We like to think that we see the world as it is and that our eyes function very much like video cameras recording all the details in our field of vision.
Nothing could be further from the truth. The truth is that sometimes we are unable to see objects that are right in front of us. This, in psychology, is known as inattentional blindness.
Inattentional blindness is the phenomenon of missing objects and events despite them being in our field of vision. It happens because we are not paying attention to these objects and events.
Our attention is directed toward something else. Hence, it is attention that is important for seeing things, and merely looking at them is no guarantee that we’re actually seeing them.
Difference between change blindness and inattentional blindness
There’s this real-life incident of a cop who was chasing a criminal and failed to notice an assault that was happening nearby. The cop completely missed the assault during the chase. He was charged with perjury for claiming that he didn’t see the assault. It was happening right in front of him. In the eyes of the jury, he was lying.
There’s no way he could have missed the assault, but he did. When researchers simulated the incident they found that around half of the people reported not seeing a staged fight.1
Another phenomenon closely related to inattentional blindness is change blindness where you fail to notice changes in your environment because your attention is focused on something else.
A famous experiment involved showing subjects recorded footage of a bunch of players passing basketball amongst themselves. Half the players were wearing black shirts and the other half white shirts.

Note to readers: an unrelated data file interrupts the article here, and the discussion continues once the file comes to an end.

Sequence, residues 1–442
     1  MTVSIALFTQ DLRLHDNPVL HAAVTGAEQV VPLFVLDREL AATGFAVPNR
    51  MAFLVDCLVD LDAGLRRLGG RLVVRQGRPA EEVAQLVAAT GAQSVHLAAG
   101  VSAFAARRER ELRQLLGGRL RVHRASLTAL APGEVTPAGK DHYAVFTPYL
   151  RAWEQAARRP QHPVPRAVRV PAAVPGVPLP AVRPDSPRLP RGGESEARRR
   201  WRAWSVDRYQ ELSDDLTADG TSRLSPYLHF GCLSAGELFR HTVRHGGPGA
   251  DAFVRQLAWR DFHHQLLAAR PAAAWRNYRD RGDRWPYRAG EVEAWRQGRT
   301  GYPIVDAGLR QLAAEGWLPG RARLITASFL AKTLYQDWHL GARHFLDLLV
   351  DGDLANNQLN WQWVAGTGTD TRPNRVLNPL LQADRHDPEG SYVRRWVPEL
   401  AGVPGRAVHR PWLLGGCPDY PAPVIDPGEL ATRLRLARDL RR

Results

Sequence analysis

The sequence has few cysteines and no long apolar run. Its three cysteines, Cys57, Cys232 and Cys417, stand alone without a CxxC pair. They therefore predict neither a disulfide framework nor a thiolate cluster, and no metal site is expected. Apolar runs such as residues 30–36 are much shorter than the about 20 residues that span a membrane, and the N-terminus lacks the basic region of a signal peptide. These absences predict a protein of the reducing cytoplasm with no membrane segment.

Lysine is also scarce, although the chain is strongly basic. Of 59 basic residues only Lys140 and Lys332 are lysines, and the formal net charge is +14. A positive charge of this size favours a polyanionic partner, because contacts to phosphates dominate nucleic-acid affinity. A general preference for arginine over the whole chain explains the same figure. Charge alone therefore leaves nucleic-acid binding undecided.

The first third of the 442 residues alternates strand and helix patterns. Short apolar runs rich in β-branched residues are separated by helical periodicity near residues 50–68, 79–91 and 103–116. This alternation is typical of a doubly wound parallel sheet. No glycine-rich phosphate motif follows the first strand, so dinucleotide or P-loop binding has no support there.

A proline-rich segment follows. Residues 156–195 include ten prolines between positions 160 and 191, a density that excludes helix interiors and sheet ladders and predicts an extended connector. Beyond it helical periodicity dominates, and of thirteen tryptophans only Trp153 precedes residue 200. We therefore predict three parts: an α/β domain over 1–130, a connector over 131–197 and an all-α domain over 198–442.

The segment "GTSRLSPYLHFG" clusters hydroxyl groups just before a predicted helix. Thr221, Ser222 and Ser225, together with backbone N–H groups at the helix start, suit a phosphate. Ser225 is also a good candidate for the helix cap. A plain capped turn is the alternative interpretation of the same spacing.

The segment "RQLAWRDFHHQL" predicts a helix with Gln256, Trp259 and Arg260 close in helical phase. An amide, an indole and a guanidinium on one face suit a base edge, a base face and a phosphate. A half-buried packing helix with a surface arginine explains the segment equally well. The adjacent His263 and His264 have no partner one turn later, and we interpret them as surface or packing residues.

The participants were asked to count the number of times players with white shirts made passes. As they counted the passes, a person wearing a gorilla suit walked across the stage, stopped at the center, and even thumped their chest looking directly at the camera.
Nearly half of the participants completely missed the gorilla.2
In the same study, when participants were asked to count the number of passes made by players wearing black shirts, more participants were able to notice the gorilla. Since the color of the gorilla’s suit was similar to the players’ shirt color (black), it was easier to notice the gorilla.
Further evidence that attention is critical to seeing comes from people who experience brain injuries resulting in lesions in their parietal cortex. This is the area of the brain associated with attention.
If the lesion is on the right of the parietal cortex, they fail to see things on their left and if the lesion is on the left they fail to see things on their right. For example, if the lesion is on the right, they will fail to eat food on the left side of their plates.
Reason for inattentional blindness
Attention is a limited resource. Our brains already utilize 20% of the calories that we consume and were it to process everything it came across in the environment, its energy requirements would be greater.
To be efficient, our brains process limited information from our environments and it also helps to reduce attentional overload. Often, the brain focuses only on those things that are important and relevant to it.